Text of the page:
Even if Plaintiffs sufficiently alleged that the agreement was substantively unconscionable, their claim of unconscionability would fail as a matter of law. Under Pennsylvania law, unambiguous writings are interpreted courts as a question of law. Brokers Title Co., 610 F.2d at 1178 (citing Cmty. Coll. v. Soc'y of the Faculty, 375 A.2d 1267, 1275 (Pa. 1977)). The terms of the enrollment agreement are unambiguous and clearly state that any disputes or controversies arising under the agreement shall be subject to binding arbitration. The arbitration procedure laid out in the provision does not favor one party and therefore is not substantively unconscionable. See Johnson, 225 F.3d at 378 n.5.
Because Plaintiffs have not sufficiently alleged that the enrollment agreement between Plaintiffs Joseph and Danielle Ochman and Defendant Wyoming Seminary is unconscionable, the agreement is valid and enforceable. The enrollment agreement covers the same subject matter -- educational services -- as the implied-in-fact contract Plaintiff Daniel Ochman alleges to have entered into with Defendant Wyoming Seminary. (Doc. No. 29 ¶¶ 33, 75, 78, 90, Exh. D.) And because there cannot be an implied-in-fact contract under Pennsylvania law if there is an express contract covering the same subject matter, Mill Run Assocs., 282 F. Supp. 2d at 293, the existence of the enrollment agreement precludes the existence of the alleged implied-in-fact contract. Accordingly, Count One of the second amended complaint will be dismissed for failure to state a claim pursuant to Federal Rule of Civil Procedure 12(b)(6).
Plaintiffs will not be permitted the opportunity to amend their complaint. Although the Third Circuit has instructed that a district court must permit a curative amendment if a complaint is vulnerable to a 12(b)(6) dismissal, a court need not grant leave to amend if amendment would be inequitable or futile. Phillips, 515 F.3d at 237; Grayson v. Mayview State Hosp., 293 F.3d 103, 108 (3d Cir. 2002) (citing Shane v. Fauver, 213 F.3d 113, 116 (3d Cir. 2000)). Amendment would be futile because the enrollment agreement is not unconscionable as a matter of law. Therefore, count one will be dismissed with prejudice.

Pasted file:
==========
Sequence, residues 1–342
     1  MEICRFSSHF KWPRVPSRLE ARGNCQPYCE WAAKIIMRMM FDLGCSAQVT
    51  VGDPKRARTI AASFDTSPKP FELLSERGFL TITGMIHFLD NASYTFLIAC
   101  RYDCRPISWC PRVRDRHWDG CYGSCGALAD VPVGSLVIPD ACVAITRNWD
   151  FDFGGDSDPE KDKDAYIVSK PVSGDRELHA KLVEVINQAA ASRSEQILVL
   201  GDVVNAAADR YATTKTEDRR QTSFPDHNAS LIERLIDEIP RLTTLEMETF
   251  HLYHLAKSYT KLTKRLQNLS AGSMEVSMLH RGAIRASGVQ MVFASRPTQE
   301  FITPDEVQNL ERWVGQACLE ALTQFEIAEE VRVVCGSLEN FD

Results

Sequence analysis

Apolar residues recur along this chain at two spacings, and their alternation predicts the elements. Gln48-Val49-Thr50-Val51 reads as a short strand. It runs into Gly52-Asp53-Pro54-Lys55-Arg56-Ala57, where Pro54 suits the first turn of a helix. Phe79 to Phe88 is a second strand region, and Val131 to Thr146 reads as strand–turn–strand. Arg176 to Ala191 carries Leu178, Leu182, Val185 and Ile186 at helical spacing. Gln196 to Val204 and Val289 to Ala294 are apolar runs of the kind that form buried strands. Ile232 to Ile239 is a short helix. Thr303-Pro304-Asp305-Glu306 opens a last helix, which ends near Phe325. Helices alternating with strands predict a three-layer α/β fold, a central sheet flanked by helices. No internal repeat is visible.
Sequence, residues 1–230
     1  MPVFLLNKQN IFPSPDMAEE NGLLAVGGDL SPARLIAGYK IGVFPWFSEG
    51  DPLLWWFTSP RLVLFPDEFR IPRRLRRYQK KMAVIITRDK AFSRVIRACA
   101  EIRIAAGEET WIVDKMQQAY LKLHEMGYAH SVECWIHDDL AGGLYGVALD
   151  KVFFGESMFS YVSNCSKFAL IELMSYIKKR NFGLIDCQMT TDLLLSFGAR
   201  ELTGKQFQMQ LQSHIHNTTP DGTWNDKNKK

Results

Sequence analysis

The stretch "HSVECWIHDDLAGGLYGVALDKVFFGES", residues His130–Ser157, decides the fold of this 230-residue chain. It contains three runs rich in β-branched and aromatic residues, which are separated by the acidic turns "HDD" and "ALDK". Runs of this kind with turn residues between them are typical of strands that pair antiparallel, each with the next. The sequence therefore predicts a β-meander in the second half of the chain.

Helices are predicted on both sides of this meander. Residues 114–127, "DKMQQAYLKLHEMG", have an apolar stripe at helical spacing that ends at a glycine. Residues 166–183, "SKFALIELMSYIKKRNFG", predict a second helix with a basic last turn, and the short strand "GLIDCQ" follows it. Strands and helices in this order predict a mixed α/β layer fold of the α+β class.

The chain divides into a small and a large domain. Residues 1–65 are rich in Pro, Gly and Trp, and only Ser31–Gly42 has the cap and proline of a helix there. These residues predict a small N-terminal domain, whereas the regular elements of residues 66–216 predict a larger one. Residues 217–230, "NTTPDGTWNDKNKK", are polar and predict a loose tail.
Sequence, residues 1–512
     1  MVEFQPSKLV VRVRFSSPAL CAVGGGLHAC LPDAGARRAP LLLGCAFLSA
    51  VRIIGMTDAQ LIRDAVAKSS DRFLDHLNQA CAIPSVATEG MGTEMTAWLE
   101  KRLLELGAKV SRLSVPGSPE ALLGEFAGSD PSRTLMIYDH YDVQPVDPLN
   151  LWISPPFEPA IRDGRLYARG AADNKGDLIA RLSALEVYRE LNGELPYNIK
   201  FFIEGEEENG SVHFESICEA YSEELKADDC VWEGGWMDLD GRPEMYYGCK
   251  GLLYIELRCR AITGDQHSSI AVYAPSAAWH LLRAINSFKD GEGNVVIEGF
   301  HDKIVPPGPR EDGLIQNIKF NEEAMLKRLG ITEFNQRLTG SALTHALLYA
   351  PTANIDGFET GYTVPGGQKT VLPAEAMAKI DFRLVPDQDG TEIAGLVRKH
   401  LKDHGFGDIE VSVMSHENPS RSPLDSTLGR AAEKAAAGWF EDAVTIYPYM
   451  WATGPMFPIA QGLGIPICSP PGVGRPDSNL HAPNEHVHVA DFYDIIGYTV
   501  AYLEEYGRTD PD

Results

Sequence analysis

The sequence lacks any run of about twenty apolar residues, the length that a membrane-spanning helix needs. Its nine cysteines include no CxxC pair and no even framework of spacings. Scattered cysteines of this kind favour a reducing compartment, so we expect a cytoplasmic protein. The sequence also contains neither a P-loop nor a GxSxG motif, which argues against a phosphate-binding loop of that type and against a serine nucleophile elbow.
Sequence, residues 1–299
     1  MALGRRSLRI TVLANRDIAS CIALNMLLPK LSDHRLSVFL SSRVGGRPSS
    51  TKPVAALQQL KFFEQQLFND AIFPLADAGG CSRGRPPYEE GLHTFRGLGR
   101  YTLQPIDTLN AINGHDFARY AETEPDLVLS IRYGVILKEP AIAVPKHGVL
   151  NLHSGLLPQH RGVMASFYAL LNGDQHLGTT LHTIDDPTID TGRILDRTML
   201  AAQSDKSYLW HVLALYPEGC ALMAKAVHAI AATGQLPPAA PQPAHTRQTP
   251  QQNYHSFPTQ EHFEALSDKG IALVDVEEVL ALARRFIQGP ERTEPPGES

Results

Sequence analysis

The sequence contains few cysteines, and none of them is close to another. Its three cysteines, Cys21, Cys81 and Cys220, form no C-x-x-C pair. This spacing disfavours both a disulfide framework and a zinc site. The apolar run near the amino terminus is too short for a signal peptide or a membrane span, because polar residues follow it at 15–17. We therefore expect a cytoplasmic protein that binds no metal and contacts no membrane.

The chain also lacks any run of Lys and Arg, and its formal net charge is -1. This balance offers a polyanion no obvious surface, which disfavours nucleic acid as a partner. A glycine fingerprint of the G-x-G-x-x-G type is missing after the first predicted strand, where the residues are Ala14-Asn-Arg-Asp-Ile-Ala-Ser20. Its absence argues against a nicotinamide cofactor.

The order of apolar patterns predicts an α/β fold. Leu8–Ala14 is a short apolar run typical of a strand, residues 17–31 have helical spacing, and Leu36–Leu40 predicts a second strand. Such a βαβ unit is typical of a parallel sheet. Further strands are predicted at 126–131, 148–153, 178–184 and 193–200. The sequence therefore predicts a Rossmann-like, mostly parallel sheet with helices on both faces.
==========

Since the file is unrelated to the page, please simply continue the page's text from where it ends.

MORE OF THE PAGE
B. Count Two: Breach of Express Contract
In Count Two of the second amended complaint, Plaintiffs Joseph and Danielle Ochman allege that Defendant Wyoming Seminary breached its contract with them because it failed to provide the represented educational services to their son. They seek damages in the amount of $29,212.89, the amount paid to Wyoming Seminary in tuition. Even if every factual allegation in Count Two is true, the Court must dismiss the second amended complaint for lack of subject-matter jurisdiction because the case fails to meet the $75,000 amount-in-controversy requirement of 28 U.S.C. § 1332(a).
When jurisdiction is predicated on diversity of citizenship, a matter must be between citizens of different states and "where the matter in controversy exceeds the sum or value of $75,000, exclusive of interest and costs." 28 U.S.C. § 1332(a). In cases where the relevant facts are not in dispute, the Third Circuit has directed district courts to apply a legal certainty test, requiring a case be dismissed where "it appears to a legal certainty that the plaintiff was never entitled to recover the jurisdictional amount." Frederico v. Home Depot, 507 F.3d 188, 194 (3d Cir. 2007). Here, it is undisputed that Plaintiffs Joseph and Danielle Ochman only seek damages of $29,212.89 for their beach-of-contract claim against Wyoming Seminary. As it appears to a legal certainty that Plaintiffs were never entitled to recover the jurisdictional amount, Count Two and the second amended complaint will be dismissed for lack of subject-matter jurisdiction. Accordingly, the Court will also deny Plaintiffs' motion to stay arbitration pending litigation (Doc. No. 3) and Defendant's motion to compel arbitration (Doc. No. 30) as moot.
Because his parents' express contract with Defendant Wyoming Seminary for educational services precludes the existence of an implied-in-fact on the same subject matter, count one will be dismissed with prejudice. Because Plaintiffs Joseph and Danielle Ochman's claim for breach of contract fails to meet the amount in controversy required to invoke this Court's diversity jurisdiction, count two will be dismissed, and the entire second amended complaint will be dismissed.
An order consistent with this memorandum follows.
IN THE UNITED STATE DISTRICT COURT FOR THE MIDDLE DISTRICT OF PENNSYLVANIA
DANIELLE OCHMAN, et al., Plaintiffs v. WYOMING SEMINARY, Defendant
: (Chief Judge Kane)
AND NOW, on this 29th day of November 2012, in accordance with the foregoing memorandum, IT IS HEREBY ORDERED THAT Defendant's motion to dismiss and compel arbitration (Doc. No. 30) is GRANTED IN PART. The motion is granted to the extent that it seeks to dismiss Plaintiffs' second amended complaint (Doc. No. 29) but denied to the extent that it seeks to compel arbitration.
IT IS FURTHER ORDERED THAT Plaintiffs' second amended complaint (Doc. No. 29) is DISMISSED and Plaintiffs' motion to stay arbitration (Doc. No. 3) is DENIED AS MOOT.
The Clerk of Court is directed to close the case.